Table of Contents
- a common incidental finding on the L/S spine Xray in the ED which is usually long standing but may be the result of acute trauma and may be the cause of the back pain and nerve compression.
- spondylolisthesis refers to the forward slippage (anterolisthesis) of one vertebral body with respect to the one beneath it.
- most commonly occurs with L5 slipping over S1, but it can occur at higher levels (particularly degenerative types).
- it may cause any degree of symptoms, from minimal symptoms of occasional low back pain to incapacitating mechanical low back pain, radiculopathy from nerve root compression, and neurogenic claudication.
- 5 types:
- congenital or dysplastic (type 1)
- due to a defect in the upper sacrum or arch of L5.
- 94% are associated spina bifida occulta and high rates of S1 foraminal nerve root compression exists, even with grade 1 slips
- isthmic (type 2) (5% of people)
- These typically present in the teenage or early adulthood years and are most common at L5-S1.
- results from a defect in pars interarticularis, which permits forward slippage of the superior vertebra
- The pars interarticularis, or isthmus, is the bone between the lamina, pedicle, articular facets, and the transverse process
- The pars may be congenitally defective (eg, in spondylolytic subtype of isthmic spondylolisthesis) or undergo repeated stress under hyperflexion and rotation, resulting in microfractures.
- 3 sub-types:
- Lytic (ie, spondylolysis) or stress fracture of the pars
- Elongated yet intact pars
- Acutely fractured pars
- risk factors:
- both lumbar lordosis and rotational forces are also believed to play a role in the development of lytic pars defects and the fatigue of the pars in the young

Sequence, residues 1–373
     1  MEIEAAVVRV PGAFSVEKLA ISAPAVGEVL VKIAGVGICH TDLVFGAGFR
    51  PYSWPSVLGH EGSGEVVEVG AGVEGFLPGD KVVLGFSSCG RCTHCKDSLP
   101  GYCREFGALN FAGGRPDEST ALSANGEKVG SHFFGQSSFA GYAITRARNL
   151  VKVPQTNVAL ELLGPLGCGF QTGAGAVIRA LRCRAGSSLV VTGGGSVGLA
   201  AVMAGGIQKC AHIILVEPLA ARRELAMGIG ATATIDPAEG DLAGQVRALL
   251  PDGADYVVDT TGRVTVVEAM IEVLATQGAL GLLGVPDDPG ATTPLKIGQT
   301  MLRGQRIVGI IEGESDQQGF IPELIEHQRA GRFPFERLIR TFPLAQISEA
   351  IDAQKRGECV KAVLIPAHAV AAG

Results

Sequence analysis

- an association exists between high levels of activity during childhood and the development of pars defects
- clinical features:
- variable pain
- restricted spinal range of movement
- hamstring tightness - inability to flex hips with fully extended knees
- hyperlordosis of the lumbar and thoracolumbar regions
- hyperkyphosis at lumbosacral junction (as the center of gravity shifts to compensate for slip progression)
- high grade slips may result in palpable step off, gait difficulty and trunk shortening (if spondyloptosis occurs)
- degenerative (type 3)
- ~5% of elderly men and 9% elderly women - mainly L4/L5, and lesser prevalence at L3/4
- The L5 nerve root is usually compressed from lateral recess stenosis as a result of facet and/or ligamentous hypertrophy, and causes weakness of the extensor hallucis longus
- results from chronic disc degeneration and facet incompetence
- spondylosis is a general term reserved for acquired age-related degenerative changes of the spine (ie, discopathy or facet arthropathy) that can lead to this type of spondylolisthesis
- rare, results from fracture of any part of the neural arch or pars that leads to listhesis
- pathologic (type 5)
- results from a generalized bone disease, such as Paget disease or osteogenesis imperfecta
- post-surgical / iatrogenic complications (type 6)
- grade of slippage in the sagiital plane:
- Grade 1 - Less than 25% of vertebral diameter
- Grade 2 - 25-50%
- Grade 3 - 50-75%
- Grade 4 - 75-100%
- Spondyloptosis - > 100% ⇒ trunk shortening
Mx of the young adult with isthmic spondylolisthesis
- surgical fusion MAY be indicated if high grade slip >50%, neurologic involvement, traumatic aetiology, or likely to progress to high grade slip:
- age < 15 years
- ligamentous laxity
- type 1 dysplastic slip
- lumbosacral hypermobility
- most will not have surgery and be advised to modify activities
possible indications for surgery in the older adult
- high grade slip >50%
- neurologic involvement with signs
- traumatic or iatrogenic aetiology
- Type 1 and type 2 slips, with evidence of instability, progression of listhesis, or lack of response to conservative measures
- Type 3 (degenerative) listhesis with gross instability and incapacitating pain
- Postural deformity and gait abnormality1)
spondylolisthesis.txt · Last modified: 2021/11/11 05:07 by gary1